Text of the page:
In 1829, an enslaved man named Harvey was sold to Atkins and Bethenia McLemore, plantation owners near Thompson’s Station. After Atkins died, Bethenia sold Harvey to her son, William Sugars (“W.S.”) McLemore, a cavalry officer and judge. W.S. owned the Franklin land that became Hard Bargain, a neighborhood of Black farmers and laborers.
Harvey McLemore learned valuable skills during more than 30 years of enslavement and as a free man sharecropping on farms, including the Carnton Plantation. In 1880, he purchased four Hard Bargain lots from W.S. While many freed slaves were starving with nowhere to go, Harvey, through ingenuity and grit, paid $400 he had saved in a can and kept buried. He built a house for his wife Eliza and himself and farmed his remaining lots before selling them. He died in the late 1800s and his daughter Mary McLemore Matthews remained in the home and raised her children there, including daughter Maggie, who operated a beauty salon in the front hallway. According to the National Museum of African American History & Culture, barbershops and beauty salons have played an important role in African American culture. Besides being places for hair care services, they’ve acted as gathering spots for Black people to freely discuss community affairs, local gossip and politics. Maggie lived in the house until her death in 1989. Laverne Holland, the last of Harvey’s descendants to live in the house, now lives next door.
By the mid-1990s, Harvey’s home was in disrepair. At the same time, local historian Thelma Battle attended the National Conference of State Historic Preservation Officers in Boston. “While I was there, I visited the Slave House,” recalls Thelma. The Royall House and Slave Quarters housed the largest slaveholding family in Massachusetts and the slaves who provided their lavish lifestyle. Today it’s a museum that intertwines stories of wealth and bondage. “I attended a reception in the building,” Thelma says, “and the feeling, the realization of what had taken place there. I came away with a duty to inform others of what I had seen and heard.”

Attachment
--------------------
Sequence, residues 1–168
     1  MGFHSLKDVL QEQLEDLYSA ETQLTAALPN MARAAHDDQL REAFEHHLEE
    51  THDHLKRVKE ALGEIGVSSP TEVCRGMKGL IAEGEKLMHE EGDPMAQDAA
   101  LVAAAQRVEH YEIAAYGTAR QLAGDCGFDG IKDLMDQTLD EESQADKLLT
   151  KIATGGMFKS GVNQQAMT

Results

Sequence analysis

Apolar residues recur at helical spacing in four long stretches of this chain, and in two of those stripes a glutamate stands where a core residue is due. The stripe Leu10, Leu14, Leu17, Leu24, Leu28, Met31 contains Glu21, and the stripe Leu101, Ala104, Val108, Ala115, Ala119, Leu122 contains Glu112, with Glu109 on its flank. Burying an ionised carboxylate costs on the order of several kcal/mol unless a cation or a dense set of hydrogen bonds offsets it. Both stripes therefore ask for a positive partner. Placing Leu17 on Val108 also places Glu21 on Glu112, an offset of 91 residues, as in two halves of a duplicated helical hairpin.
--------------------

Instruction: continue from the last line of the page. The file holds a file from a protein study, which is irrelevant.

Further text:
Thelma, along with Mary Mills, Bazelia Harris, Louise Patton, Mary Pearce (former executive director of the Heritage Foundation of Williamson County), and County Historian Rick Warwick formed the African American Heritage Society of Williamson County (AAHSWC) to tell important stories of African Americans in the community. In 1997, The Heritage Foundation partnered with Habitat for Humanity to purchase the McLemore House from Maggie Matthews’ estate. The Foundation sold the home to the AAHSWC for $1 and after years of fundraising and restoration, it’s now a museum filled with storyboards, artifacts, furniture and a setup of Maggie's beauty parlor. “Our first fundraiser was a fish fry in the Williams’ backyard with tents and folding chairs,” explains Thelma. “Fish fries are part of African American culture. People stopped by to talk and eat fish, and we sold out.”